A Law Society submission calls for essential changes to the Domestic Violence Bill.
- Bill fails to address risks of those in relationships who are not cohabiting.
- An Garda Síochána need to be given power to act swiftly in protecting vulnerable at immediate risk.
- Irish Government yet to adopt UN recommendations regarding legal aid contributions for domestic violence cases.
The Law Society of Ireland has expressed its concerns that protections outlined in the Government’s Domestic Violence Bill are inadequate, inflexible and fail to address the United Nations’ recommendations on legal aid contributions in domestic violence cases.
In its recent submission to the Department of Justice and Equality, the Law Society welcomed measures to better protect the safety of vulnerable parties in domestic violence cases, however stressed that the Bill did not go far enough.
“Domestic violence cases are some of the most heart-wrenching and difficult briefs a solicitor can work on. It is said that 1 in 5 women in Ireland who have been in a relationship have been abused by a current or former partner, and evidence shows there is a growing trend in men reporting being abused as well,” said Ken Murphy, Director General of the Law Society of Ireland.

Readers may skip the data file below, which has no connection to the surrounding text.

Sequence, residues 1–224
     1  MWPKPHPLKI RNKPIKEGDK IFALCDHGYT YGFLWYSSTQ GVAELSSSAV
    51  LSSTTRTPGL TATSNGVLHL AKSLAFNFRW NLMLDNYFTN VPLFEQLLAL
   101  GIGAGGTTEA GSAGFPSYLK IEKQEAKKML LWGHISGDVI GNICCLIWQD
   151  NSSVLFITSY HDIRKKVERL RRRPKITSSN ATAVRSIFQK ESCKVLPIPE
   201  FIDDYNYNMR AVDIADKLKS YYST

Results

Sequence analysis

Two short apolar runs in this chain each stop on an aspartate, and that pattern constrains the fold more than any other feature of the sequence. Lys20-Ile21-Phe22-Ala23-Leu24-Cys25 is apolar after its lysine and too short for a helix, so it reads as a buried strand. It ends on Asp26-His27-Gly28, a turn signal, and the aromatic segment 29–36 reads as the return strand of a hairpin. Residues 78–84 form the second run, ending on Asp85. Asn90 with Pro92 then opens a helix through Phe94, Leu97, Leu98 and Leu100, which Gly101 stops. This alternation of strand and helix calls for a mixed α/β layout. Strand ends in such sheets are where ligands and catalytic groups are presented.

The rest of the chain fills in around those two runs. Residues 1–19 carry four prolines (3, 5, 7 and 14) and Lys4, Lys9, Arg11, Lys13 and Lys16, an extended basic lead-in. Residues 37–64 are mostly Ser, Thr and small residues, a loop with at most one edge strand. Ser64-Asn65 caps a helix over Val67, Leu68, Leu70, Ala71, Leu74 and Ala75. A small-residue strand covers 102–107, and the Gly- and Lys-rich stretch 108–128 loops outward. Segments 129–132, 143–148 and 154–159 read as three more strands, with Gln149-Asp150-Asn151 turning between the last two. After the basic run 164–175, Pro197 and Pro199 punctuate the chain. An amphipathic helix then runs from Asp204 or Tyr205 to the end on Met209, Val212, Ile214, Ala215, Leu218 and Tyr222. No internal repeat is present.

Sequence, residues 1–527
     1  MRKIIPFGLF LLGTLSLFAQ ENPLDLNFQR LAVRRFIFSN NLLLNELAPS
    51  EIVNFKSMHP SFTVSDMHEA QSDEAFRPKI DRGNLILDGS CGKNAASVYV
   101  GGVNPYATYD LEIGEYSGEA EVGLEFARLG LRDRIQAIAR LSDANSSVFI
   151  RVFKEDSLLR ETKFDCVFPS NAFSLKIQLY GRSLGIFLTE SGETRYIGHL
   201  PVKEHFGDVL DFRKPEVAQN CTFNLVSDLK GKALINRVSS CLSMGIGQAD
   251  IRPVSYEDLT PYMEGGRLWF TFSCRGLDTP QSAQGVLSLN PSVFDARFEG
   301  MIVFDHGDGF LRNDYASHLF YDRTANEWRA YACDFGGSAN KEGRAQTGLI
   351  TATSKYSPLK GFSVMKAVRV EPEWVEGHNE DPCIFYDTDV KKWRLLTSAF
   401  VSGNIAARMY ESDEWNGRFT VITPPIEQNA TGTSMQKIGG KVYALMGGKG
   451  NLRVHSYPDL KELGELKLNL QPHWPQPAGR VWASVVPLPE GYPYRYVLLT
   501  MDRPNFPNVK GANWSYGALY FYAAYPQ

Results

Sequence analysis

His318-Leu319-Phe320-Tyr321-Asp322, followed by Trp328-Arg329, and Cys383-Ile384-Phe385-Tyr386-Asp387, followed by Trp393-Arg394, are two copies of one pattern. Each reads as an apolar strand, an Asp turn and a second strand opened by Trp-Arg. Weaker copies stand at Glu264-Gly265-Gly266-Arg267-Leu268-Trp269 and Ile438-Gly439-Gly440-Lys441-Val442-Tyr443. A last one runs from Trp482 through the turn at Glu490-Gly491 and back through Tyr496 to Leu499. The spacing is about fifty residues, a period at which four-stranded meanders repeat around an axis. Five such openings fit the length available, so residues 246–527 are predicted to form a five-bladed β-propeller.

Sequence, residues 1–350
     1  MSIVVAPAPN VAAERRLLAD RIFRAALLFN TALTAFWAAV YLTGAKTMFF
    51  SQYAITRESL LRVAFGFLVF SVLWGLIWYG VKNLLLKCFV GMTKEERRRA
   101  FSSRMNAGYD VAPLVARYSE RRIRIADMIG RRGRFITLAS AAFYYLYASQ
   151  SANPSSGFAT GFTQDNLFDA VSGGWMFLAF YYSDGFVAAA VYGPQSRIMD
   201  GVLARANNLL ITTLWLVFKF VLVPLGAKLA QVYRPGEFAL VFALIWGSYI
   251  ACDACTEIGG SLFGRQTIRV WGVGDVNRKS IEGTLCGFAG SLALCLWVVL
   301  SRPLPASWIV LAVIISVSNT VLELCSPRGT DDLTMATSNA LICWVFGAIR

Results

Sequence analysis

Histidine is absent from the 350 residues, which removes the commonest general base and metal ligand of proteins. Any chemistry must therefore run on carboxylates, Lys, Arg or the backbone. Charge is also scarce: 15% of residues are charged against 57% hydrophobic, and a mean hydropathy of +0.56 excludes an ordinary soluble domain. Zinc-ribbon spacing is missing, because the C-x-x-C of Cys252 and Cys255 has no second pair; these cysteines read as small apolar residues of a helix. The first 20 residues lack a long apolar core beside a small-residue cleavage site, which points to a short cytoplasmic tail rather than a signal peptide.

“Every day our members support those vulnerable people within our community who have suffered domestic violence. We want to ensure that their voice is heard and their concerns are considered in this Bill.”
“The present Bill does not go far enough in protecting the safety and rights of victims particularly in cases where there are immediate risks to welfare. We would call for the Gardai to be given expanded powers to issue interim barring or emergency orders.”
The Law Society’s submission makes eight recommendations that aim to clarify anomalies in the domestic violence area, and to improve protections.
“We would also call for the Bill to cover those in relationships but not cohabiting, and even consider the circumstances of those under 18 years of age that may be in abusive relationships.”
In addition, the Law Society notes and supports recommendations in the recent United Nations report (March 2017) on the Convention on the Elimination of All Forms of Discrimination against Women, notably:
- to “introduce a specific definition of domestic violence and other emerging forms of gender-based violence, such as online stalking and harassment”; and
- to remove barriers facing victims of domestic violence in accessing civil legal aid services by “the State party increase[ing] funding for civil legal aid services, review[ing] the financial eligibility criteria and end[ing] the requirement for victims of domestic violence to make financial contributions for civil legal aid when seeking court protection under domestic violence legislation so as to ensure access to justice for all women without sufficient means.”
“Solicitors are often at the frontline of domestic violence cases in Ireland, and it is our belief that the Bill can be improved significantly through a number of simple changes – simple changes that may literally save or change lives.”
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